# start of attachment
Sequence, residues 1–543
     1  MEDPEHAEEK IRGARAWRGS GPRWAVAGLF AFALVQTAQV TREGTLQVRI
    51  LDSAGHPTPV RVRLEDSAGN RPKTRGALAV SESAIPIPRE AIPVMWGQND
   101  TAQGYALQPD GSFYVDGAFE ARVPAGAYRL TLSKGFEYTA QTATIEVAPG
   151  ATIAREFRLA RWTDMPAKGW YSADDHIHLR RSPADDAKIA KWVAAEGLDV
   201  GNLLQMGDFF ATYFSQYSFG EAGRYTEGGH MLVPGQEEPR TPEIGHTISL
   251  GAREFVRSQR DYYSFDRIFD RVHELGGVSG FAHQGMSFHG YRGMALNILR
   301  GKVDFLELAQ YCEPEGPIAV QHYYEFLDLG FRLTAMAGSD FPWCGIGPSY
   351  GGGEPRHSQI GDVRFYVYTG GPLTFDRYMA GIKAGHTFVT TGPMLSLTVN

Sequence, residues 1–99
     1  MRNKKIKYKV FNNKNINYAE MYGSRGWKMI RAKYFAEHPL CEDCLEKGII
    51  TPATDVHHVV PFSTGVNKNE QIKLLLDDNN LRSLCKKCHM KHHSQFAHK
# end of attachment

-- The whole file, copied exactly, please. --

Sequence, residues 1–543
     1  MEDPEHAEEK IRGARAWRGS GPRWAVAGLF AFALVQTAQV TREGTLQVRI
    51  LDSAGHPTPV RVRLEDSAGN RPKTRGALAV SESAIPIPRE AIPVMWGQND
   101  TAQGYALQPD GSFYVDGAFE ARVPAGAYRL TLSKGFEYTA QTATIEVAPG
   151  ATIAREFRLA RWTDMPAKGW YSADDHIHLR RSPADDAKIA KWVAAEGLDV
   201  GNLLQMGDFF ATYFSQYSFG EAGRYTEGGH MLVPGQEEPR TPEIGHTISL
   251  GAREFVRSQR DYYSFDRIFD RVHELGGVSG FAHQGMSFHG YRGMALNILR
   301  GKVDFLELAQ YCEPEGPIAV QHYYEFLDLG FRLTAMAGSD FPWCGIGPSY
   351  GGGEPRHSQI GDVRFYVYTG GPLTFDRYMA GIKAGHTFVT TGPMLSLTVN

Sequence, residues 1–99
     1  MRNKKIKYKV FNNKNINYAE MYGSRGWKMI RAKYFAEHPL CEDCLEKGII
    51  TPATDVHHVV PFSTGVNKNE QIKLLLDDNN LRSLCKKCHM KHHSQFAHK